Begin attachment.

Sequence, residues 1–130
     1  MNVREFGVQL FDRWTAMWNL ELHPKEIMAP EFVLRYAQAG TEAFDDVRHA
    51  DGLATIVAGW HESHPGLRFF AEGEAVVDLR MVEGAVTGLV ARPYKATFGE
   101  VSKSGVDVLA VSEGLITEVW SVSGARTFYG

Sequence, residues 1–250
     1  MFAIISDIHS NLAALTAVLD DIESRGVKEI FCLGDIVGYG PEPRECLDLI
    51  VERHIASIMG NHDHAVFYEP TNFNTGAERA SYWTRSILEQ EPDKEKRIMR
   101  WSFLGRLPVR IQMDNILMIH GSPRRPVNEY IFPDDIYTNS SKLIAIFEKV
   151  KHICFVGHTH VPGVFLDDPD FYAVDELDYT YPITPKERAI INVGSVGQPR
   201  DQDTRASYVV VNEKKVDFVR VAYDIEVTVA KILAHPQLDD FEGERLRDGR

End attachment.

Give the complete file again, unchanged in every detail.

Sequence, residues 1–130
     1  MNVREFGVQL FDRWTAMWNL ELHPKEIMAP EFVLRYAQAG TEAFDDVRHA
    51  DGLATIVAGW HESHPGLRFF AEGEAVVDLR MVEGAVTGLV ARPYKATFGE
   101  VSKSGVDVLA VSEGLITEVW SVSGARTFYG

Sequence, residues 1–250
     1  MFAIISDIHS NLAALTAVLD DIESRGVKEI FCLGDIVGYG PEPRECLDLI
    51  VERHIASIMG NHDHAVFYEP TNFNTGAERA SYWTRSILEQ EPDKEKRIMR
   101  WSFLGRLPVR IQMDNILMIH GSPRRPVNEY IFPDDIYTNS SKLIAIFEKV
   151  KHICFVGHTH VPGVFLDDPD FYAVDELDYT YPITPKERAI INVGSVGQPR
   201  DQDTRASYVV VNEKKVDFVR VAYDIEVTVA KILAHPQLDD FEGERLRDGR